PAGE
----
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Trump’s executive order would impose classical style on federal buildings. Should we be worried?

“There is reason for alarm in the rhetoric that the king of tasteless glitz is attempting to impose his personal brand on the physical manifestation of this nation.”

Trump’s executive order would impose classical style on federal buildings. Should we be worried?
[Source Images: renaschild/iStock, Gage Skidmore]
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When it comes to foreign policy, the Trump administration has made a point of making nice with modern-day autocrats such as Vladimir Putin, Kim Jong-un, and Recep Tayyip Erdoğan. A new draft executive order obtained by Architectural Record called “Making Federal Buildings Beautiful Again” indicates that the Trump administration may be finding an architectural common ground with autocratic regimes of yesteryear too.

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The order would revise the “Guiding Principles for Federal Architecture,” written by Senator Patrick Moynihan and issued by the General Services Administration in 1962, to dictate that “the classical architectural style shall be the preferred and default style” for upgrades or construction of new federal buildings, according to Architectural Record. It’s an odd proposition on two levels: both to decree an official style and to insist that that style be classical, the favored genre of the Third Reich. As architecture critic Paul Goldberger tweeted, “It’s what dictatorships do, not democracies.”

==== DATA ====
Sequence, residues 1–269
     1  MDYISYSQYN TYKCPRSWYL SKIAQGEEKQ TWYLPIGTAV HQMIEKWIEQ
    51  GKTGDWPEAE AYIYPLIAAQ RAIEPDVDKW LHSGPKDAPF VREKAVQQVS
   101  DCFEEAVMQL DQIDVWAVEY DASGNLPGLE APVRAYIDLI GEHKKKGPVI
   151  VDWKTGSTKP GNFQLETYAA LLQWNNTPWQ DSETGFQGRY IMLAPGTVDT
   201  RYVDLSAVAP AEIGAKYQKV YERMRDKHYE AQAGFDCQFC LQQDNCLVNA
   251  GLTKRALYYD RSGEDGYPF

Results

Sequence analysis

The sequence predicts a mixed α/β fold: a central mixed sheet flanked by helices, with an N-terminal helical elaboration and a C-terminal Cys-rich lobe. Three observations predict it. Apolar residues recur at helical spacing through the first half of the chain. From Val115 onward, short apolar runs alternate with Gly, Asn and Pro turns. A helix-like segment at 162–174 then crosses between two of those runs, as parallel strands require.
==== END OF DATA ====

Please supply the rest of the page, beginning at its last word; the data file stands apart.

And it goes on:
The draft order also critiques federal building design of the past half-century, saying that Brutalism and Deconstructivism, two architectural styles that first gained popularity in the 1950s and 1980s respectively, fail to meet one of the 1962 guiding principles, that federal buildings “provide visual testimony to the dignity, enterprise, vigor, and stability of the American government.”

While the current GSA may interpret contemporary architectural styles to be in violation of the guiding principles written in 1962, its actual authors did not. The next sentence of the original text reads: “Major emphasis should be placed on the choice of designs that embody the finest contemporary American architectural thought.” The second point of that 1962 architectural policy reads: “The development of an official style must be avoided. Design must flow from the architectural profession to the Government, and not vice versa.”

By prescribing classical architecture, it seems the current administration seeks to impose a value set rather than build from one. It’s worth noting that David Insinga, GSA’s chief architect and the director of the Design Excellence Program, reportedly resigned from his position last week. (Fast Company attempted to contact Insinga for comment, but he could not be reached.)

Albert Speer and Adolf Hitler at Obersalzberg looking at a plan for the new Opera of Linz. [Photo: Wiki Commons]
Neoclassical architectural style was adopted in the 18th century to harken back to ancient Greece and Rome; at the time, it spoke to democratic and Enlightenment principles. But its context shifted in the 20th century as it became the preferred style of autocrats during World War II; most notably, Hitler leaned on classical architecture to wield power and as a motivator of nationalist pride harkening back to the past. Hitler tapped chief architect Albert Speer to design classical monuments meant to embody the Reich and inspire awe; examples were the sprawling Nuremberg rally grounds and the gargantuan “Volkshalle” building, which was never built.